There are four of the towers, below, altogether; they filter the water going into the turbines. Kaufmann carried Art Deco sculpturing to the turrets rising from the dam face, and clock faces on the intake towers show the time in Nevada and Arizona; the state line goes through the middle of the dam. The two states are in different time zones, but as Arizona does not observe Daylight Saving Time, the clocks agree for more than half the year.

Arizona indeed does not observe Daylight Saving Time, but the Navajo Nation, which has trust lands in Arizona, does. It's fun, if you are easily entertained, to watch the time on your cell phone change back and forth, back and forth, when you go on and off tribal land. 

Across the road from the dam is a memorial plaza. Norwegian-born, naturalized American sculptor Oskar J.W. Hansen designed many of the sculptures on and around the dam. His works include the Monument of Dedication plaza and a plaque to memorialize the workers killed, a couple of photos below. The Wikipedia article is not clear on whether he designed the two thirty-foot tall bronze figures, called Winged Figures of the Republic, each formed in a continuous pour. To put the large bronzes in place without marring the polished bronze surface, they rested on ice and were guided into position as the ice melted.

The memorial to those who died building the dam is another of Hansen's works. There were 112 deaths associated with the building of the dam. The first was J.G. Tierney, a surveyor who drowned while looking for the ideal site of the dam, and the last was his son, Patrick, who died 13 years to the day later.

Another memorial to those who died. Not included in the official number of 112 were those whose deaths were attributed to pneumonia. Workers alleged that this diagnosis was a cover for death from carbon monoxide poisoning, brought on by the use of gasoline-fueled vehicles in the diversion tunnels, and a classification used by Six Companies, the structural architect, to avoid paying compensation claims. The site's diversion tunnels frequently reached 140°F, enveloped in thick plumes of vehicle exhaust gases. Forty-two workers were recorded as having died from pneumonia; none were listed as having died from carbon monoxide poisoning. No deaths of non-workers from pneumonia were recorded in Boulder City during the construction period.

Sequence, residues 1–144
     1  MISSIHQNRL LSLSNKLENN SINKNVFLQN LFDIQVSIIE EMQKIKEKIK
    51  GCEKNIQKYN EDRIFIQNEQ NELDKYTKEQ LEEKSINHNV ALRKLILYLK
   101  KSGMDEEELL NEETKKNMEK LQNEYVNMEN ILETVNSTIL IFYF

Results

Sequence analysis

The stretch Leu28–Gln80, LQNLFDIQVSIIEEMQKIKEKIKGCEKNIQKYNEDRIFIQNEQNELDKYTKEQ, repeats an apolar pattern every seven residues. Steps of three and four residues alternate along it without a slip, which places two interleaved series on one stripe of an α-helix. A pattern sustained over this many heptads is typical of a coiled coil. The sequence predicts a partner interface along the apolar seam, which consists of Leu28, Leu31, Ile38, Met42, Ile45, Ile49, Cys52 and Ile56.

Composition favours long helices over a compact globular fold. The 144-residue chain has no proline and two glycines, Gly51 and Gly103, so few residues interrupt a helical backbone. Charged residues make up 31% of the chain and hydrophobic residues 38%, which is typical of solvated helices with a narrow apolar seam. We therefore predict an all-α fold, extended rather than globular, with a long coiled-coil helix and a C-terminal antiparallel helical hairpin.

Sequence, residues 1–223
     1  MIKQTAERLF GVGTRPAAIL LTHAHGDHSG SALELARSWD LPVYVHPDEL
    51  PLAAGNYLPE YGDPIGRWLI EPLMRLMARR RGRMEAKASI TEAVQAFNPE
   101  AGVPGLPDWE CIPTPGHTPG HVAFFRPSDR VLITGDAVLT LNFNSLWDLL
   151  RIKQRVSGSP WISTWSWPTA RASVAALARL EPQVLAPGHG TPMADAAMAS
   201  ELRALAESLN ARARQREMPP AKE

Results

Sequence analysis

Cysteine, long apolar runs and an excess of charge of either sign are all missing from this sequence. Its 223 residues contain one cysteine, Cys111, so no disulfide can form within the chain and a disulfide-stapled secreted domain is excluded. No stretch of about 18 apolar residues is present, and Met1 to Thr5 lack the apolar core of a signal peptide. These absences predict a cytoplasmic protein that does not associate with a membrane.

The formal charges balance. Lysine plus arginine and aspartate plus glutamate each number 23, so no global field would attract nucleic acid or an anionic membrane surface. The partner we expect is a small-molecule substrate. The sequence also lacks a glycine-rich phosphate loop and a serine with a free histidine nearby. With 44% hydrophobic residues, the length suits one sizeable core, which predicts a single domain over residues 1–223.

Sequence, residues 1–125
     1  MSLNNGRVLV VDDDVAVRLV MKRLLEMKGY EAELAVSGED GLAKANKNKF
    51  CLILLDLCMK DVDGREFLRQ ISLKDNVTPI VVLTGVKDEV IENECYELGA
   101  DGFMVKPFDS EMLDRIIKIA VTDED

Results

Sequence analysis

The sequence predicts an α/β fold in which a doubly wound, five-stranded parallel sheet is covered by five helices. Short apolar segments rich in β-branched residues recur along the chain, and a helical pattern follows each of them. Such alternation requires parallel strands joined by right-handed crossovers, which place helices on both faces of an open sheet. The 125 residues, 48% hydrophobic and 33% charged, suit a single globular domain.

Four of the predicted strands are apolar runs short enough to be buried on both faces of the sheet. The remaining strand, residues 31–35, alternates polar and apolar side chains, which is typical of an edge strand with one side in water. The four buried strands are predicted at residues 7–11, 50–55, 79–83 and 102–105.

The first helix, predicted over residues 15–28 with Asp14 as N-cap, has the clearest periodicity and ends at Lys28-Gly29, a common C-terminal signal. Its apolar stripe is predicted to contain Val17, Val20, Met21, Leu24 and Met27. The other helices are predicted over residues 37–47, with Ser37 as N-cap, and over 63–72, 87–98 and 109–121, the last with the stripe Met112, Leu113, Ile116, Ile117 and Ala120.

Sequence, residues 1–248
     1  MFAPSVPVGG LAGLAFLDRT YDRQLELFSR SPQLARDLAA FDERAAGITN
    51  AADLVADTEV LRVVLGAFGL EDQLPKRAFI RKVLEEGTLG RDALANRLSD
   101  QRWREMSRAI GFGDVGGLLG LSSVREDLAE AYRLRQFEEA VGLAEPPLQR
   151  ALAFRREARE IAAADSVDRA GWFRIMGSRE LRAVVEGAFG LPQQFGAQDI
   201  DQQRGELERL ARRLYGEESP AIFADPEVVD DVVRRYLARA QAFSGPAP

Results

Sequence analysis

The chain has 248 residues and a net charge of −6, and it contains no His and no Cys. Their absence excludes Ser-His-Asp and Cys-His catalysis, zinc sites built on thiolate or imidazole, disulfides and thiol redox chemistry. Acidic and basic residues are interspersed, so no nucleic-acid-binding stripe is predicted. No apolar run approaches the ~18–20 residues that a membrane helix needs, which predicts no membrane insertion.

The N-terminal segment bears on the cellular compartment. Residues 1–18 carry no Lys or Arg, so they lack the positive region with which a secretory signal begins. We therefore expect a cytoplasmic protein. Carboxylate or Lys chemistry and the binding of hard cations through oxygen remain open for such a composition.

Surrounding the base of the monument is a terrazzo floor embedded with a star map. The map depicts the Northern Hemisphere sky at the moment of President Roosevelt's dedication of the dam. This was intended to help future astronomers, if necessary, calculate the exact date of dedication. The dam, after all, is not that far from Area 51.

Bas relief plaques are inlaid into the plaza's surface, one for each of the seven states that fall within the Colorado River's basin.

More beautiful terrazzo work at the base of the flag pole.

This statue is probably of a "high scaler." While suspended from the top of the canyon with ropes, high-scalers climbed down canyon walls and removed loose rock with jackhammers and dynamite. Falling objects were the most common cause of death on the dam site; the high scalers' work thus helped ensure worker safety. 

The construction site became a magnet for tourists; the high scalers were prime attractions and showed off for the watchers. They received considerable media attention, with one worker dubbed the "Human Pendulum" for swinging co-workers (and, at other times, cases of dynamite) across the canyon.To protect themselves against falling objects, some high scalers took cloth hats and dipped them in tar, allowing them to harden. When workers wearing such headgear were struck hard enough to inflict broken jaws, but sustained no skull damage, Six Companies ordered thousands of what initially were called "hard boiled hats" (later hard hats) and strongly encouraged their use.

There's a lot to the Hoover Dam story. The websites I linked to above tell it in much more detail and are interesting to read. You'll see exactly where I plagiarized from. Is it plagiarism if I give credit?


Thought of the day: 

This morning I came, I saw and I was conquered, as everyone would be who sees for the first time this great feat of mankind. - Franklin D. Roosevelt, at the dedication of the dam on September 30, 1935 

Friday, March 13, 2015

It's coming!

I promise there will be a post, for the three of you who watch for it. The internet again, combined with the Google blogging platform not working as it should, has kept a post in limbo for several days.

I will have to break down and drive down the road to the visitor center where the wifi is better, and see if I can make it work. Hang in there.